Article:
The Wyndham Championship was founded in 1938 as the Greater Greensboro Open, and Sedgefield Country Club, the tournament’s current home, was one of the original host courses. In its early years, the tournament was contested on the courses at both Sedgefield and Starmount Forest Country Clubs – both in Greensboro.
From its inaugural tournament in 1938, won by eight-time champion Sam Snead, through the 1942 event, two rounds of official tournament play were contested at each course. When the tournament resumed in 1945 following World War II, the event began alternating courses each year – a process that continued through the 1950, but the next 10 tournaments were played at Starmount.
Alternating between Sedgefield and Starmount was a popular arrangement that suited almost everybody until the 1960 tournament, which followed a hard winter and found Starmount not in the best of condition. After winning the tournament for the seventh time, Sam Snead, who for years was said to have buried his money in tomato cans in his back yard, jokingly suggested that Edward Benjamin, who owned Starmount, dig up a few of his tomato cans and fix up the course before the next tournament.
Benjamin was not amused. He banned Snead from Starmount for life and created a serious problem for the host courses, but with the tournament growing rapidly; it turned out to be a blessing. Sedgefield, with vastly more space to handle the crowds, became the sole home of the tournament until 1977 when it moved to Forest Oaks Country Club southeast of Greensboro for the next 31 years. (Later, the Starmount membership purchased the club from Benjamin and renamed the road leading to the clubhouse Sam Snead Drive; it remains so today.)
In 2007, Sedgefield Country Club restored its Donald Ross-designed gem to its original design and lengthened it to accommodate the modern PGA TOUR golfer. The $3 million restoration process, led by Donald Ross course restoration expert Kris Spence, took 10 months to complete and resulted in a stellar, classic course covering some 7,117 yards and playing to a par 70. In 2008, after more than three decades at Forest Oaks, the Wyndham Championship went home to one of the courses on which it began.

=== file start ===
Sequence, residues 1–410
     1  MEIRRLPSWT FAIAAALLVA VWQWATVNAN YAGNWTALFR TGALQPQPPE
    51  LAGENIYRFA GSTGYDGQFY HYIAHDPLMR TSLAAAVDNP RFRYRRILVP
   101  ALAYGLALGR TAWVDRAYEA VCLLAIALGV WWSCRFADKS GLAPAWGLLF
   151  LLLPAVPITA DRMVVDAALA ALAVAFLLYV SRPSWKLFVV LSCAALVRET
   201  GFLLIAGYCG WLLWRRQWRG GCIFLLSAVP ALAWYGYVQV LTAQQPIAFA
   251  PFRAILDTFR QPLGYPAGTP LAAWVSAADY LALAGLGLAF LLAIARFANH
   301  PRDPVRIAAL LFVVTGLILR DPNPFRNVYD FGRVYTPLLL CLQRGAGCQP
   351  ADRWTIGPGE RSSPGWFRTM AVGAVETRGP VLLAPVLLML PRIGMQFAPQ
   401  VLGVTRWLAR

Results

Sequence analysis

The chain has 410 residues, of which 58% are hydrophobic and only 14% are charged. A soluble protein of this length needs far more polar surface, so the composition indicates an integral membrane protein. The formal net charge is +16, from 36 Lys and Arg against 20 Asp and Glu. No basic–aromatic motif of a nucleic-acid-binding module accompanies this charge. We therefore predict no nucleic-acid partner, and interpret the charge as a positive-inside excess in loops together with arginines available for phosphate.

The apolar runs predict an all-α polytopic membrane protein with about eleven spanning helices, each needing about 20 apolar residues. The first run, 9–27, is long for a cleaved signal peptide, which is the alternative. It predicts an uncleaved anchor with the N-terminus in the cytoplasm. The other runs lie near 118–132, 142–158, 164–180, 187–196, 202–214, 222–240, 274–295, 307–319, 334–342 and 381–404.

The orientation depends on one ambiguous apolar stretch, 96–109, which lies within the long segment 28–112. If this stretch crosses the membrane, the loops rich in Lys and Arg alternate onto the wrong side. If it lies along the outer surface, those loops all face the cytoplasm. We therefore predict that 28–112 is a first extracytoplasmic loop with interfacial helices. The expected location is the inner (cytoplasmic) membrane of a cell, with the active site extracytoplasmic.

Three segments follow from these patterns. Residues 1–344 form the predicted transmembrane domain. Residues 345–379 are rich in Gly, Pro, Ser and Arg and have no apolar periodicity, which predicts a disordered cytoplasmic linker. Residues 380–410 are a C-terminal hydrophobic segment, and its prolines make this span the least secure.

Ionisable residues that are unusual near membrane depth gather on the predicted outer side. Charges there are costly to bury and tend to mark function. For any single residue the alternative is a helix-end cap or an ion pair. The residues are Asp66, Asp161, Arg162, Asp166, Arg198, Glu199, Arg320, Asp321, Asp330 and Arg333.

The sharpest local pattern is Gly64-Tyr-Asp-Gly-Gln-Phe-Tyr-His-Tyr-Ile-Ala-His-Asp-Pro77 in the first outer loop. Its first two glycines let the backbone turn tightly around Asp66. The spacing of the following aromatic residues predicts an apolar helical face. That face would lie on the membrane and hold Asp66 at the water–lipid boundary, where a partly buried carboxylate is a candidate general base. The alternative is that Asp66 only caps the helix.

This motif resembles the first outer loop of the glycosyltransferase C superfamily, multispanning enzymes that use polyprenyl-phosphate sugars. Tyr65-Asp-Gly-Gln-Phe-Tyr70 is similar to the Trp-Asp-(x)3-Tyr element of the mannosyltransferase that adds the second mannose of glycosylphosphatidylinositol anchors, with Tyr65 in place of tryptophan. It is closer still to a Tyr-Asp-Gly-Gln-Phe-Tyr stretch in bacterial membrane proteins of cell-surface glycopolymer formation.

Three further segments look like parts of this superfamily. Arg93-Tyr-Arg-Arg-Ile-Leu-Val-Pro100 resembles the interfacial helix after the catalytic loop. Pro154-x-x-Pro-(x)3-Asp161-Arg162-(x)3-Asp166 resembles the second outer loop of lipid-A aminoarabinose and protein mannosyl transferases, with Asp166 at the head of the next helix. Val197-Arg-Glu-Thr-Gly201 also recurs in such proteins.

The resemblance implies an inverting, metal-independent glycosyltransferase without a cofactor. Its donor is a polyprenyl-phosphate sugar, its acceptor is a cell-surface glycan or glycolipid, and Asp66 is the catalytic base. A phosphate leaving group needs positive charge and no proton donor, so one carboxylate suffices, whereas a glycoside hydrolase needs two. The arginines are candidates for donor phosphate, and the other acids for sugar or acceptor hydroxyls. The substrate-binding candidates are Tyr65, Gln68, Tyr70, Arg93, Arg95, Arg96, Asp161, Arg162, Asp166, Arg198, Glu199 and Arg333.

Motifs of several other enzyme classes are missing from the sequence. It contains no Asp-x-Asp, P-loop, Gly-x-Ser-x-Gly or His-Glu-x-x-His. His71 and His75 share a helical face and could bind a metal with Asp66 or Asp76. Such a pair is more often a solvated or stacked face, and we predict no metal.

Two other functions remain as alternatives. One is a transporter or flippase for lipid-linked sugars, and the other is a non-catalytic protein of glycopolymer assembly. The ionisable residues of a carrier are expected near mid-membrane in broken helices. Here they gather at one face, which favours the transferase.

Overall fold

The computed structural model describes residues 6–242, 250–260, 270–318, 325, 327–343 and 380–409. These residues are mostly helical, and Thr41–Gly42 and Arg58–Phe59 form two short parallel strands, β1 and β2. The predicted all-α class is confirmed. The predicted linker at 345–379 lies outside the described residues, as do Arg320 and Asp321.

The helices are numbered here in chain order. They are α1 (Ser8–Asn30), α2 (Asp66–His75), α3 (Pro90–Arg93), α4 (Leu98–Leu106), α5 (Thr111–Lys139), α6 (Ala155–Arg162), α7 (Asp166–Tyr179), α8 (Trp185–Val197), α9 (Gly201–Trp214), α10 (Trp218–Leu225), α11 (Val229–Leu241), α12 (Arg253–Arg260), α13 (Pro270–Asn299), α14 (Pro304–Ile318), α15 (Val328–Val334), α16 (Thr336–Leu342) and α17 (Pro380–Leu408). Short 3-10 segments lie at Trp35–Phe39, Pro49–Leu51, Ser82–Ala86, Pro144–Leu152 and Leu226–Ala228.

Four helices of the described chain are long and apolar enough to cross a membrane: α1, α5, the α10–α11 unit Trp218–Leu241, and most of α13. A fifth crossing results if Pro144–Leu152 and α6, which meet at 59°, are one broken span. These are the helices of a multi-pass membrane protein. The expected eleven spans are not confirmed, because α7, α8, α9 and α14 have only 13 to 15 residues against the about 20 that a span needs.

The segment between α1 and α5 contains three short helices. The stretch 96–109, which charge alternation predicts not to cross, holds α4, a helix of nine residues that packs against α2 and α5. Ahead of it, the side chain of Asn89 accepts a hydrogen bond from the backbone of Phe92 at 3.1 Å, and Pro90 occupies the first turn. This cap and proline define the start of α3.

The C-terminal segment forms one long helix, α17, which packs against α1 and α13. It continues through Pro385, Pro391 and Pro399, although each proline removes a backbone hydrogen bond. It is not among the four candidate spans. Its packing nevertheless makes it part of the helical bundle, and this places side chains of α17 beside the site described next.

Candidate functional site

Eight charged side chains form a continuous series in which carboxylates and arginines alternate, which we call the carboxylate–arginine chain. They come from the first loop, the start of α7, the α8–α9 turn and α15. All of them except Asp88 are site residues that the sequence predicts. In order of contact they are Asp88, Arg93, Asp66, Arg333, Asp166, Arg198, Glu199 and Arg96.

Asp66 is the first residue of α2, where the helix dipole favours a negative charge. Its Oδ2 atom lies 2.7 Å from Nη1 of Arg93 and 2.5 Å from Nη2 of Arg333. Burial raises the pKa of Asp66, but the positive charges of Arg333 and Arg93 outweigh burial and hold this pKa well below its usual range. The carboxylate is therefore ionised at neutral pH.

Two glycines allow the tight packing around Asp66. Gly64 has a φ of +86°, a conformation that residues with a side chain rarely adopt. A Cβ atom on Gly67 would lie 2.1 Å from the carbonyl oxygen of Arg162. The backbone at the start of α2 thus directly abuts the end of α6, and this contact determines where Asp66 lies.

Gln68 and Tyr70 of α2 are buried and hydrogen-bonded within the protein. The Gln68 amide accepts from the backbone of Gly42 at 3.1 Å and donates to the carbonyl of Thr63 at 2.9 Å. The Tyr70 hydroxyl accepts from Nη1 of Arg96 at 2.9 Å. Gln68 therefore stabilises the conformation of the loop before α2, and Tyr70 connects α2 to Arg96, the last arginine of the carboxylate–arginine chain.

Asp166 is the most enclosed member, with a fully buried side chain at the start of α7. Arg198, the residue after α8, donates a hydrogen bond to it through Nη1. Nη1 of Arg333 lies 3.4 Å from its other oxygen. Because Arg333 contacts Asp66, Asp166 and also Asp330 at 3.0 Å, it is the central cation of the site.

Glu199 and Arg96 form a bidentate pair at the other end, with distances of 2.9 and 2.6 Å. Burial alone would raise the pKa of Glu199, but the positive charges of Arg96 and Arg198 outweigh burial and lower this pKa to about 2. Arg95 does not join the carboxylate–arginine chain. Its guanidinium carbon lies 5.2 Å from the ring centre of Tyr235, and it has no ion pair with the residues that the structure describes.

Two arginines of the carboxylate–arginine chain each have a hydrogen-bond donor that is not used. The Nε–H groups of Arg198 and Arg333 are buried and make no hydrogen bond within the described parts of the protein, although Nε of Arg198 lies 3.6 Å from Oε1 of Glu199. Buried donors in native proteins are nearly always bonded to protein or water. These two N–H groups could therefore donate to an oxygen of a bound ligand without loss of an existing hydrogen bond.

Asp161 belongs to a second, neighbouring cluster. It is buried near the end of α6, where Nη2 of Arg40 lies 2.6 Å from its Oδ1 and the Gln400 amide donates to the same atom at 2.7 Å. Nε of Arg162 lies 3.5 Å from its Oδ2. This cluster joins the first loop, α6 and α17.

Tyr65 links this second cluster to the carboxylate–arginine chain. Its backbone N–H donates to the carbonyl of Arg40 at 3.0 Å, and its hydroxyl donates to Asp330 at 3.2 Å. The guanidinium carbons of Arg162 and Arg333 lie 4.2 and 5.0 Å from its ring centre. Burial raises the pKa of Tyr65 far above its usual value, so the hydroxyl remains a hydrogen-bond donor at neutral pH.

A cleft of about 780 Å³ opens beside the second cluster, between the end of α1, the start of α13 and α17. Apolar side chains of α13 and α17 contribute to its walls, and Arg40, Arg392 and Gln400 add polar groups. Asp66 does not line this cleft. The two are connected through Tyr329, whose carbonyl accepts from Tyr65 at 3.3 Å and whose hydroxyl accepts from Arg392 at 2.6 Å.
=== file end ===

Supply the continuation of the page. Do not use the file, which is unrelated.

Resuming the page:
Donald Ross preferred to open the round with a hole of somewhat modest difficulty and length, and this is certainly the case at Sedgefield. A drive near the fairway bunker 290 yards from the tee will leave the best angle of approach with a middle iron. This classic raised Ross green leans from right to left.
One of the best holes ever designed by Donald Ross. The tee shot will require a slight fade over the middle of three diagonal cross bunkers to set up the shortest and best line into a green that’s well-protected on the right by a creek. Approach shots should favor the left side of the green, which leans hard right toward the creek.
This mid-length par three hole is generally played into the prevailing wind and contains three of the deepest bunkers on the course, short and right. The large, somewhat subtle green narrows the deeper into the green one plays. Long and left is a very difficult up and down, with the green sloping away from the player.
A blind tee shot to a left-to-right sloping fairway awaits the player on this hole. The best line favors the left side, allowing for considerable roll to the right. The bunkerless green is one of the most undulating and demanding on the course, requiring a very precise approach to get it close for a birdie attempt.
The first par five of the course is easily reachable in two shots. However, a deep hollow running diagonally across the putting surface will make getting up and down for birdie a challenge. The key to this hole is finding a level lie in the well-undulating fairway. Any shot hit short of this green will roll well back down the fairway.
A dramatically downhill tee shot to a fairway crossed by a creek at 280 yards calls for a fairway metal or long iron. Those players who position the ball left of center nearest the creek will be rewarded with the best angle into this front-sloping green. The most difficult hole location is back right, behind a large rolling mound.